BHC Stock Continues to Fall as Bausch Health Responds to Court Decision


  • Pharmaceutical firm Bausch Health (BHC) continues to print red ink from yesterday’s devastating session.
  • A federal district court judge ruled that certain elements of Bausch’s drug does not have valid patent protections.
  • BHC stock is up 8% from yesterday’s prematurely halted session, though it is down 9% against today’s opening price.
BHC stock - BHC Stock Continues to Fall as Bausch Health Responds to Court Decision

Source: Kate Krav-Rude /

Wall Street is still digesting the legal drama impacting embattled pharmaceutical firm Bausch Health (NYSE:BHC). The company has promised to pursue all available options regarding an unfavorable decision impacting its subsidiary Salix Pharmaceuticals’ key therapeutic, Xifaxan. A federal court’s oral order that essentially invalidates certain patent protections for the drug opens the door for generic competition, namely by Norwich Pharmaceuticals. BHC stock is down around 9% against today’s opening price at the time of writing.

Yesterday, Judge Richard G. Andrews of the U.S. District Court of Delaware issued an oral order, finding that while patent laws protect Xifaxan’s indication for the reduction of risk of hepatic encephalopathy (or HE) recurrence, patent claims over the drug’s composition and use for treating irritable bowel syndrome with diarrhea (or IBS-D) are invalid.

Unfortunately for Bausch Health, the mixed-bag ruling opens the door for generic competition. In particular, Bausch and its subsidiary Salix sued Norwich in 2020 over the latter’s attempt to deliver a copy of Xifaxan to market before its 23 patents expired.

But because of the latest ruling, University of California Hastings Law Professor Robin Feldman stated that the decision “could clear the way for a generic drug to enter, which could eventually drive down the price of IBS medication.” Logically, this dynamic has hugely negative implications for BHC stock.

Big Question Marks Over BHC Stock

To assuage stakeholders of BHC stock, Bausch released a statement emphasizing that it will “vigorously defend the intellectual property” protecting Xifaxan and will “appeal the Court’s decision to the U.S. Court of Appeals for the Federal Circuit.”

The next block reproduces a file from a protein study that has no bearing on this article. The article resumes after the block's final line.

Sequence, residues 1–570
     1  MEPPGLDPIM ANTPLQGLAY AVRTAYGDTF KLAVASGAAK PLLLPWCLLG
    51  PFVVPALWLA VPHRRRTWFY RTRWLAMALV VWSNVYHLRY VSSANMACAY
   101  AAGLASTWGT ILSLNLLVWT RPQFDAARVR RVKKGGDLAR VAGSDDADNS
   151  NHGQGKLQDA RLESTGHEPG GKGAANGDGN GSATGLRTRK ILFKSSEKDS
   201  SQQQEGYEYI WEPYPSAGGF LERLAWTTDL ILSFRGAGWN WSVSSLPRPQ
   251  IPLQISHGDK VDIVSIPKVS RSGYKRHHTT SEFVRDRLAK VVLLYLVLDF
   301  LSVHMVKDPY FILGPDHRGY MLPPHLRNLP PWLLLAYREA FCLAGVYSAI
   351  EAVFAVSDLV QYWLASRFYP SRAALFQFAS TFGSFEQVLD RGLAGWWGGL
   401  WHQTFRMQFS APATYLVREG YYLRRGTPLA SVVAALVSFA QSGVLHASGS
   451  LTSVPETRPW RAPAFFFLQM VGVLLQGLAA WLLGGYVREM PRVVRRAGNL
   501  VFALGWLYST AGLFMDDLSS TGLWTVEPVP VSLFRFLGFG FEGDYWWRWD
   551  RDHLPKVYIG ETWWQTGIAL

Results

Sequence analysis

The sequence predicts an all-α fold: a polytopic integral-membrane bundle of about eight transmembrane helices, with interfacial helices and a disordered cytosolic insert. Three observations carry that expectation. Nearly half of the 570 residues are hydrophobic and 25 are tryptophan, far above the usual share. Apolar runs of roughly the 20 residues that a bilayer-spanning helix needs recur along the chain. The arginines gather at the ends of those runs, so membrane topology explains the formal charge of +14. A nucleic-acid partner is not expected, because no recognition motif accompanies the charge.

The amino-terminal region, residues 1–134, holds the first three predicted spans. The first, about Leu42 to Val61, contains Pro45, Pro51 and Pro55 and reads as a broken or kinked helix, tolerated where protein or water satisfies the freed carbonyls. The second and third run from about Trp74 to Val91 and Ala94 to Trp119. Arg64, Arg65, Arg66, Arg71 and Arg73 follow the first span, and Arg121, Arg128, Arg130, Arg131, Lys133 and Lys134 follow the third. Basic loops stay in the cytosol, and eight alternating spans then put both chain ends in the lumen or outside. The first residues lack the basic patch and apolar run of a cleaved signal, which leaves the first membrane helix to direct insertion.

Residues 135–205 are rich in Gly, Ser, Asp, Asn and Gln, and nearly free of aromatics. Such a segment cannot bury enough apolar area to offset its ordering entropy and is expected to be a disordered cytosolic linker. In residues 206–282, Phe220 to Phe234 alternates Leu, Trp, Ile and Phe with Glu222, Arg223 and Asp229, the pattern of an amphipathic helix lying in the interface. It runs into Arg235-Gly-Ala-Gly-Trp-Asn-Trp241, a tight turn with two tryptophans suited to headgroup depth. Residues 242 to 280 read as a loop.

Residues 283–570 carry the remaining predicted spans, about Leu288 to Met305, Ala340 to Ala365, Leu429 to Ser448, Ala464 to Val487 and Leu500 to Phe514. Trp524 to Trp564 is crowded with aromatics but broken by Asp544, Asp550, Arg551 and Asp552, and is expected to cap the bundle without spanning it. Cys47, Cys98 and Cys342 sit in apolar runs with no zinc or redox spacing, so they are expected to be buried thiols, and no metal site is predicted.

“We are disappointed with today’s development. We strongly disagree with any conclusion that our patents are not valid and intend to file an appeal to any such order,” Bausch CEO Thomas J. Appio stated. Further, the head executive noted that its intellectual property is “essential” to its ability to continue developing innovative therapies.

Following Bausch’s spinoff of its lucrative Bausch and Lomb (NYSE:BLCO) contact lenses brand, Xifaxan represents the former enterprise’s largest revenue source. Adding insult to injury, prior to the coronavirus pandemic, analysts regarded Xifaxan and its projected patent protection timeline to 2029 as a major positive for BHC stock. Now, Norwich threatens this projection, leaving Bausch Health extremely exposed.

On Thursday, JPMorgan Chase forecasted that the generic drug maker could introduce an IBS-D alternative therapeutic in the late 2024 to 2025 timeframe. Further, the banking giant downgraded BHC stock to “neutral” from “overweight.”

Also, exchange authorities halted trading in BHC shares during Thursday’s morning session. Technically, the stock is up against the premature closing price of $4.32. However, it remains down substantially against the session performances leading up to the latest patent ruling.

A Devastating Loss

With BHC stock trading below $5, multiple sources have noted that shares are trading at their lowest level since 1995. Previously, Bausch Health operated under the name Valeant Pharmaceuticals. However, the Valeant brand attracted significant negative attention amid an embarrassing accounting scandal.

Moving forward, Bausch’s management must throw everything at its disposal to restore positive momentum in BHC stock. Again, without the contact lenses business, Bausch is highly dependent on Xifaxan. Therefore, both current stakeholders and prospective buyers must keep close tabs on any potential legal challenges.

On the date of publication, Josh Enomoto did not have (either directly or indirectly) any positions in the securities mentioned in this article. The opinions expressed in this article are those of the writer, subject to the Publishing Guidelines.

A former senior business analyst for Sony Electronics, Josh Enomoto has helped broker major contracts with Fortune Global 500 companies. Over the past several years, he has delivered unique, critical insights for the investment markets, as well as various other industries including legal, construction management, and healthcare. Tweet him at @EnomotoMedia.

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